It’s a Drone’s Life – Lessons Learned From Taking Up Drone Photography
In order to improve the quality and variety of pictures that I take, I’ve been talking about getting a drone for the longest time. I’ll be the first to admit that part of it was because I love new gadgets and toys and a drone ticks those boxes. However I genuinely wanted to get shots that no-one else would have, and to get in on this as early as possible before everyone’s mobile phone is also a drone.
Having played with toy drones for a number of years and learning that they’re damn near impossible to fly, I was initially hesitant on getting a “real” drone that cost many times more. After a lot of reading and comparing different drones, my fears were assuaged after reading about all of the safety measures and cleverness that goes into a modern drone. This meant I wouldn’t actually be scared to fly the thing.
To buy or not to buy
After months of reading reviews, comparing manufacturer specs and watching YouTube videos, I eventually settled on a DJI Mavic 2 Pro. Ultimately this was for two reasons. Firstly I was impressed by the array of sensors and other clever features that would keep my drone safe. It has sensors on all six sides to prevent collisions (for example with a tree or the ground), as well as artificial limitations to prevent exceeding a proscribed altitude when near flight-paths or other restricted areas. The second thing was the hugely impressive Hasselblad camera that is mounted on a gimbal in the front of the drone. The DJI Mavic 2 Zoom was tempting for a while for its impressive video and dolly work, however I wanted to take a mixture of videos and pictures, so the Hasselblad won out.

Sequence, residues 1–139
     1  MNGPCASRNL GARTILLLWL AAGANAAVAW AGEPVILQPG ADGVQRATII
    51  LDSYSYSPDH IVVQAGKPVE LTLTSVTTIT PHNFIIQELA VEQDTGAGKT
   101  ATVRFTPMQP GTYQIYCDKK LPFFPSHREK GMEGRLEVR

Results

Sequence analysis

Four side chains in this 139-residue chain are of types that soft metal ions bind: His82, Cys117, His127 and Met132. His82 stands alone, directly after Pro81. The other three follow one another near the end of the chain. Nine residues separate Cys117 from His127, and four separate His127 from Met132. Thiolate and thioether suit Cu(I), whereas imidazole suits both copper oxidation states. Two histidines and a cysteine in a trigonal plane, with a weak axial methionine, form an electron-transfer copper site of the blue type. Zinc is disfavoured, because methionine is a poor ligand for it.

I’m far from a professional photographer so the suite of software both on the drone and the DJI app helps me a lot. However as I learn more about taking good pictures and videos, I also know I have the ability to fine tune these settings when I need to.
After having it for almost a year now, if I’m honest with myself I’m still not completely convinced it was a great purchase. Don’t get me wrong, when flying it it’s a load of fun and never fails to impress friends and family. But there’s a lot of hidden costs and fails that I, at least, was not prepared for and never read about prior to buying it.